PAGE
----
5. Sorry, but that piece on Middle East Carriers is propaganda at its best. Take the angle you want to get across, and report heavily on it. Any carrier coming into a market will show a decrease of business to existing carriers already there. Eventually, there may be increased business overall, but that may take some time. Why did they focus on Orlando, San Francisco, and Chicago? Orlando is not a hub for anyone unlike Miami. When Qatar came to Miami, it was a new service overall as no one flew to the Middle East Direct from Miami and all connections to Asia, Africa, and India were through other hubs.

    The Big Three – AA, DL, and UA need to offer a better product than they have now to entice customers on these long haul routes. I travel annually to SE Asia and used to fly NW, then DL after the merger. I won’t touch any of the three mentioned after first flying KE a few years back. Now I look towards any foreign carrier and have used CX, KE, and BR since. Along with better pricing, I have found the seats more comfortable, IFE more modern (except BR), better food, and the flight crews more friendlier. I think how the unions of the American based airlines protect substandard employees and also set assignments based on longevity, rather than employee performance; are reasons for the surlier employees on these longhaul routes.

    WN-I don’t think it’s an exodus, just as an airline ages, the core people are going to retire and new blood comes in. Sometimes this is good as new ideas on how to continue to grow come forth or bad as the people who take over are so engrained into the culture, the airline remains stagnant. Many execs have been there since the 80’s, and it’s time for them to retire. I am also sad to hear that some lost their life before getting to enjoy a period of life not having to worry about their careers.

  6. People are choosing with their wallet. It’s a good thing. And the non-US JV partners aren’t doing bad at all.

    US airlines need to understand that awful service, decrepite aircraft, and fees galore is driving people away whenever they are given a choice.

  7. I have flown in business class on 2 of the 3 Middle Eastern carriers mentioned. All of my flights were better than any AA, UA, or BA flight I have ever taken. I know that offends some folks, but it’s not close. The flight attendants were more “attendant” and had very positive dispositions (not always a given on AA, UA, and BA). The seats are way more comfortable than the little “pods” on AA/BA. And, wider in the shoulders too! Plus, especially for Etihad when connecting to India, there is the option to leave the USA in the mid-morning and therefore arrive in India the following evening, rather than at 2 to 4 a.m. It’s hard to blame any government subsidy for causing a better schedule. But, Heathrow has no “bank” at midnight, so no option to change there! Lastly, the 12-14 hour flight means the service is done slowly and at the customer’s pace, rather than the super-fast, completely scheduled service on the 6-7 hour flights from the USA to the UK.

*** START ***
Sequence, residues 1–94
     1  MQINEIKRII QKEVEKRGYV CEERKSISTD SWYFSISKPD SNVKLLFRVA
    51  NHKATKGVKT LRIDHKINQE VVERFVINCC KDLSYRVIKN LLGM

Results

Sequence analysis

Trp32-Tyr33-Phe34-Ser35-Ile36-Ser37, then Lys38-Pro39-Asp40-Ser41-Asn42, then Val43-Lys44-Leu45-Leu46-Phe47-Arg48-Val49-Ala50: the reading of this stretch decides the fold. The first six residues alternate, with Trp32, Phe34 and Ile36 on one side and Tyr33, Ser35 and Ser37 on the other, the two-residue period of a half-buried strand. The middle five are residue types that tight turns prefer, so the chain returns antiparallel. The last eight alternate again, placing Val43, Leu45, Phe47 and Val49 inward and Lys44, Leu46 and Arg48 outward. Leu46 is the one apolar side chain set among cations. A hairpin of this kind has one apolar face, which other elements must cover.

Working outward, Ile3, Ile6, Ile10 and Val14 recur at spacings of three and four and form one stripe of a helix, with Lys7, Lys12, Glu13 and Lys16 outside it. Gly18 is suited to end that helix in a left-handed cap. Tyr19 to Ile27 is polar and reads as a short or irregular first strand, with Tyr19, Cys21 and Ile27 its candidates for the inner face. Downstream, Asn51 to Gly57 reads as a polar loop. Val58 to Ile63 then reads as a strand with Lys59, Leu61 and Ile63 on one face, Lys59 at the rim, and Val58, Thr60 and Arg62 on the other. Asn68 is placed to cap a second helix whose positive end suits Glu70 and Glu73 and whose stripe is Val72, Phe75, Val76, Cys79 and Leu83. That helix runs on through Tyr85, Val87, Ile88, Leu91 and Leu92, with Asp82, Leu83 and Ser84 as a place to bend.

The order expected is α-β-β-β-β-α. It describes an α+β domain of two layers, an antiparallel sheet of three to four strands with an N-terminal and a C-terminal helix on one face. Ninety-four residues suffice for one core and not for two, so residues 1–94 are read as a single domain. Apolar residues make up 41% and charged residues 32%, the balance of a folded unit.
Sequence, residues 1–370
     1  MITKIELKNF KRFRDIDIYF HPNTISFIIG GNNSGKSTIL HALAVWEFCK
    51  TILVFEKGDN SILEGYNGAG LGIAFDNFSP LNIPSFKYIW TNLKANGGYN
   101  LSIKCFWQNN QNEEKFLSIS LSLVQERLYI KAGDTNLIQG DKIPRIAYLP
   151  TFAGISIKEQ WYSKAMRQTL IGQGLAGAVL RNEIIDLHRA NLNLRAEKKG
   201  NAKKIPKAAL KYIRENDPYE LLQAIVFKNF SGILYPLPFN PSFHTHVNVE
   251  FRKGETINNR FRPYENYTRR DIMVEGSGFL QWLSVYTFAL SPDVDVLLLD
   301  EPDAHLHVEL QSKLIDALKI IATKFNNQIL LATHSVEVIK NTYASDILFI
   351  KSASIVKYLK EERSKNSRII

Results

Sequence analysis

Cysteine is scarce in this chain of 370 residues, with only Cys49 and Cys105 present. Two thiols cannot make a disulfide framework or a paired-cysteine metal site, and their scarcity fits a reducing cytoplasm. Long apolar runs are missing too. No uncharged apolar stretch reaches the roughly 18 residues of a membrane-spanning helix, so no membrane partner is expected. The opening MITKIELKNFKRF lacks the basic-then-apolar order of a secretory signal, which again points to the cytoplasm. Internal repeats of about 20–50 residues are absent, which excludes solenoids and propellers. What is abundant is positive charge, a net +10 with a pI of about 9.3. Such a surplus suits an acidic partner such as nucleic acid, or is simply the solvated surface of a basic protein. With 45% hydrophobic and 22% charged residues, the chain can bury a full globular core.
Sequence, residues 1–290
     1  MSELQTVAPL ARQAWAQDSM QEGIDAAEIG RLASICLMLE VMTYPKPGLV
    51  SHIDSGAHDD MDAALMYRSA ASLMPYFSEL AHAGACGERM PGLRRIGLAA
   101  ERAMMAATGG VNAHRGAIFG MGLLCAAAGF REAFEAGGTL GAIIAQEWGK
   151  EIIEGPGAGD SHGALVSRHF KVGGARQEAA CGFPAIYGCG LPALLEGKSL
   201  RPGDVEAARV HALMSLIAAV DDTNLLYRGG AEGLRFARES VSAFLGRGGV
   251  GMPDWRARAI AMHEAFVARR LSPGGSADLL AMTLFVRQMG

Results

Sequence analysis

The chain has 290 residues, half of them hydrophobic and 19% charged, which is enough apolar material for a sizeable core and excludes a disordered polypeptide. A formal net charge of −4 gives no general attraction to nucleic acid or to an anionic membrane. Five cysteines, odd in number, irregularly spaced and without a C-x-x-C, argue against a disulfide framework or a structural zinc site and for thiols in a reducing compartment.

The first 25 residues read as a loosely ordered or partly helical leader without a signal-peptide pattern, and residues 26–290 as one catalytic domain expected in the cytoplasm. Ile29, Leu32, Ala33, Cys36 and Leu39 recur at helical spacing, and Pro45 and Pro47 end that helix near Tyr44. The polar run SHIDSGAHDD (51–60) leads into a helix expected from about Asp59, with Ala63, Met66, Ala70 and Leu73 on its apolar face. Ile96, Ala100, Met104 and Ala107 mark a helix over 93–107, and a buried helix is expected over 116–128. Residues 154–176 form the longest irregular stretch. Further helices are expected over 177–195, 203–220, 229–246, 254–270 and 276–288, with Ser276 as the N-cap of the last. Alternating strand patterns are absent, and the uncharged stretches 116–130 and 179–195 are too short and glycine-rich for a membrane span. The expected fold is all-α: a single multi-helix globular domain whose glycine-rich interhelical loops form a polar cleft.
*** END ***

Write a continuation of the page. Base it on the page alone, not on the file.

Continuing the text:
Subsidized or not, the experience is just better, even the parts that don’t cost anything (like being pleasant to passengers).

    1. That’s about the most profound thing any of us has said in this discussion, Flyer. Being pleasant to passengers. Now that US cabin crews believe themselves to be deputy US federal officers, empowered to have one imprisoned at will for “Interfering with a flight crew member”, flying on US flag airlines has become, to me, like a horror movie where, wrongly accused I am slapped into some clandestine Federal holding pen, keeping my mouth shut and avoiding all contact with others until my lawyer can hopefully get me “sprung” at the end of the trip”. It costs nothing to be nice to people, especially when those people are spending thousands to spend the night in your “holding cell”.

  8. Yeah no….too bad for the American carriers and their boohooing about decreased booking. The bottom line is the service in the USA on the bigs sucks. Period. The quality of the inflight experience boders on horrific. There is no quality customer service standards to speak of. You really don’t know what you’ll get from flight to flight even in a premium cabin. So too damn bad. I am glad their are other options out there. I would never fly a US carrier internationally.

  9. The reason why American carriers lose passengers when Middle East Carriers enter the market – is because all American carriers SUCK. United at the top of the list, followed by everyone else. Infact, the middle eastern carriers charge MORE than the American carriers. This is truly – the passenger paying with his / her wallet. I have paid multiple times upto $300 / person to travel on an non-American carrier when I fly internationally.